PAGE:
Archive for April, 2010


James Murphy interview (October 2007)

April 5, 2010

The main reason this blog has been so quiet of late is that I’ve been pretty heavily consumed with work for AU. The new issue of the mag (the second this year) goes to print on Wednesday and it’s been hectic times with an office move and the fact that I didn’t start full-time until last Monday, leaving Jonny and Kim with a lot of slack to pick up on their own.

However, we’ve pretty much got there and it’ll feel great to get the mag out (hopefully at the weekend) and get cracking on the next one – the first I’ll be working on full-time. Yowza.

As a wee preview of the next issue, then (nudge nudge, wink wink), here’s an old interview with James Murphy that I did in the autumn of 2007. I’ve been a massive LCD fan since I heard Losing My Edge and Beat Connection back in about 2002, so it was pretty exciting to get the chance to speak to him, and he didn’t disappoint. Affable and chatty to a fault. Total man-crush material.

Read the rest of this entry ?


Heads-up: Ganglians

April 4, 2010

Fucking hippies…

I know I’m hardly quick out of the block with this lot (Pfork were giving them love last summer), but they only blipped onto my radar a couple of weeks ago, so gimme a break OKAY?!

Anyway, Ganglians (nice name – Google it if you don’t know) are four blokes from Sacramento, California who make wonderfully woozy, slightly psychedelic indie-pop. Their debut full-length Monster Head Room comes out here in May and it’s an absolute winner – they are contemporaries of the likes of Crystal Stilts and Wavves, and there’s a certain stoned, lo-fi sensibility that they share with those acts, but their music is almost symphonic at times.

In actual fact, I’m wondering whether you can even call it lo-fi, such is the depth of sound they conjure. The record is languid and sonically rich and the harmonies are nothing short of wondrous. The Beach Boys are clearly an enormous influence (cleck out ‘Lost Words’ and especially ‘Try To Understand’) but they have too much about them to be dismissed as mere copyists, specifically a tendency to allow their songs to collapse in on themselves, so you rarely feel that they are totally under control.

The band are in Ireland at the end of May (Whelan’s in Dublin on the 21st, the Menagerie in Belfast on the 22nd), so it’ll be intriguing to see whether they can reproduce the hazy tunefulness in the live setting.

Free download on Pitchfork.


AU62: Snow Patrol album review

April 4, 2010

Yeah, I don’t like them much these days…


Speaking to Gary Lightbody for this issue’s cover feature, it’s striking just how sure he is that Snow Patrol are getting better and better all the time. It just isn’t true. If anything, it’s been downhill ever since Final Straw, and this compilation is aural proof. Take the new single ‘Just Say Yes’, one of three brand new songs among the 27 other singles, album tracks and rarities jumbled up for your delectation. Put simply, the band sound like a lobotomised The Bravery. It’s limp, phoned-in rubbish and the attempt to whack a load of synths onto it in the apparent belief that it makes them sound relevant and edgy is outright laughable.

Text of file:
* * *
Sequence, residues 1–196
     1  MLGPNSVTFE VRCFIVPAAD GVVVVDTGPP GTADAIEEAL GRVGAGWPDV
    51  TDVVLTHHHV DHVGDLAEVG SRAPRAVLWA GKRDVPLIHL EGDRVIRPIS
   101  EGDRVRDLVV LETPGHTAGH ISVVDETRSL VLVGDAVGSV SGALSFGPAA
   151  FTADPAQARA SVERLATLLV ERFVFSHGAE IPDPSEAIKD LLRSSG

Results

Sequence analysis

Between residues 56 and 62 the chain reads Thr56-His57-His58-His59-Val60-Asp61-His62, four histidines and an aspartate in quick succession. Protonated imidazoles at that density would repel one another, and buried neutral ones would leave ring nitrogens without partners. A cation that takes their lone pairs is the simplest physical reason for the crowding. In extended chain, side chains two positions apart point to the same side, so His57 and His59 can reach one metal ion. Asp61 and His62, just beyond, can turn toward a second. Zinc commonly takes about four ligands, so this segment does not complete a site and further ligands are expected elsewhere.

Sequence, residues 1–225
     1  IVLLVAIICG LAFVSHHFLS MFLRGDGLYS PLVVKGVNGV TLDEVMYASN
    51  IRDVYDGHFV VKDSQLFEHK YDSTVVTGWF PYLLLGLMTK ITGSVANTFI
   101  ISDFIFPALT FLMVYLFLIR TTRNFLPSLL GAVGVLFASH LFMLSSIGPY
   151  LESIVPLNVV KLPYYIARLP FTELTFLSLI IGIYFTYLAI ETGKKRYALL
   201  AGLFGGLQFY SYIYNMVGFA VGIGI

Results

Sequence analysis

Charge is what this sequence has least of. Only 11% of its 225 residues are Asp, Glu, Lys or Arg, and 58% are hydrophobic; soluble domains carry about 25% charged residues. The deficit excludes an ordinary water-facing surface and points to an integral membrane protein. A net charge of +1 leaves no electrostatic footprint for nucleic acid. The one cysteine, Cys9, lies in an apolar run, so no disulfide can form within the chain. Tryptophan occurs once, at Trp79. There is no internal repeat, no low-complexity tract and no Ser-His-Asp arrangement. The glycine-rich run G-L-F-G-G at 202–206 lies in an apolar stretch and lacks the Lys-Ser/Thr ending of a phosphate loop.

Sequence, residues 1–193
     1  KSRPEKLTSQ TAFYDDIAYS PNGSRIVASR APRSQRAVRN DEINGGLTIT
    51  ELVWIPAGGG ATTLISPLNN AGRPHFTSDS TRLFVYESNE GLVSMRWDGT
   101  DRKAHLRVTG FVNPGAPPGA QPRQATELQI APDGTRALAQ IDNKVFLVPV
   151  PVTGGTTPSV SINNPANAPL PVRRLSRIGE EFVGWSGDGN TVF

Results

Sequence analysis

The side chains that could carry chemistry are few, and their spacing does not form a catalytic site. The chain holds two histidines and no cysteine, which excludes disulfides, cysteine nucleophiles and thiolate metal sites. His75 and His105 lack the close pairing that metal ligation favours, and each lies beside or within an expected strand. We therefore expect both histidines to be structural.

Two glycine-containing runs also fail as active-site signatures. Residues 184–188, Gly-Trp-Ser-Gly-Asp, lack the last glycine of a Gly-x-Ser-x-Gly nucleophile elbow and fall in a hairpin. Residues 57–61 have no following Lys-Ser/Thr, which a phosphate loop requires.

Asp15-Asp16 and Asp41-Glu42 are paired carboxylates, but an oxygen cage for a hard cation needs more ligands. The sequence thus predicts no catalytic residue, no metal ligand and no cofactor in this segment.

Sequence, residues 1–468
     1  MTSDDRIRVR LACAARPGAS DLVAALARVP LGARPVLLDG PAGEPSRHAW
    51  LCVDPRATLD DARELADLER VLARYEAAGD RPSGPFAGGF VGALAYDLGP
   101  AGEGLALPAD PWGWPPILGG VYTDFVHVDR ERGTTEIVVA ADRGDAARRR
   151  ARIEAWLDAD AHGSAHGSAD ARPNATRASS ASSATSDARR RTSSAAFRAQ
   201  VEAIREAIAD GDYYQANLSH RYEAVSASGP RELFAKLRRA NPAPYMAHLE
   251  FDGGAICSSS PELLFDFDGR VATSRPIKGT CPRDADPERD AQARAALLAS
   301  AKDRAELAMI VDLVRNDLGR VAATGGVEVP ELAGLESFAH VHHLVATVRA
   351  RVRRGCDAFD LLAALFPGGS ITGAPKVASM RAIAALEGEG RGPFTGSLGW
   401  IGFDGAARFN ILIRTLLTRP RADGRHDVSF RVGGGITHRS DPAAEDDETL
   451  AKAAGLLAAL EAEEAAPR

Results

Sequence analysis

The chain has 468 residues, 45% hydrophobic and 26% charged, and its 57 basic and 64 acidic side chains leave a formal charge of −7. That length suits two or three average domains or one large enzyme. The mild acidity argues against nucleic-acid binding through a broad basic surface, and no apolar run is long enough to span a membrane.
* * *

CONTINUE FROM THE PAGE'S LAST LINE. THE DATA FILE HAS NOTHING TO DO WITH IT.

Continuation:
Then consider the band’s recent singles – ‘Crack The Shutters’, ‘The Planets Bend Between Us’, ‘Take Back The City’ (okay, kudos for managing to fit in two different choruses on that one). Can anyone honestly, with a straight face, claim that these songs, slick as they are, hold a candle to the classic ‘Starfighter Pilot’ (a sister song to Ash’s ‘Angel Interceptor’ and a close cousin of ‘Teenage Kicks’), ‘Ask Me How I Am’, or ‘On/Off’? And that’s just the early tracks that made it onto this compilation – whither ‘One Night Is Not Enough’, ‘Wow’ and the sumptuous ‘If I’d Found The Right Words To Say’?

And before you start moaning, this isn’t about snobbery or jealousy. The career-making Final Straw deserved its success, and it’s represented by three very good songs in ‘Spitting Games’, ‘Chocolate’ and ‘Run’ (two versions). But, as much as Lightbody denies it (and he does), you can’t shake the notion that the runaway success of ‘Run’ has mapped out the rest of the band’s career for them. Suddenly, Lightbody finds himself capable of writing glossy, radio-friendly anthems, and the crunchy rockers and scratchy indie-pop of old – full as they are of wit, charm, subtlety, heart and soul, can get stuffed. Hence, the execrable ‘Chasing Cars’.

Hearing all of this gloop mixed in among the best of their work makes for an entirely dispiriting experience, and that’s before you even consider all the great songs that have had to make way for the likes of ‘Hands Open’ (in which it sounds like they literally can’t wait to wheel out the chorus) and ‘Signal Fire’. Up To Now can only be recommended as an entry point for people that think the band formed in 2004. But it’s best avoided, really. Chris Jones




AU62: Snow Patrol cover feature

April 4, 2010

Bit of a delay on this one…

The feature ran as the cover for the last AU of 2009. It was a great chance to speak to Gary Lightbody, especially as the quality of his music seems to be in inverse correlation with the success of his band. Not that I quite told him that. But the most striking thing I took away from the conversation was his resolute belief that the band is on a steadily upward curve. As I hopefully make clear in the piece, I don’t believe that for a second… Read the rest of this entry ?

%d bloggers like this: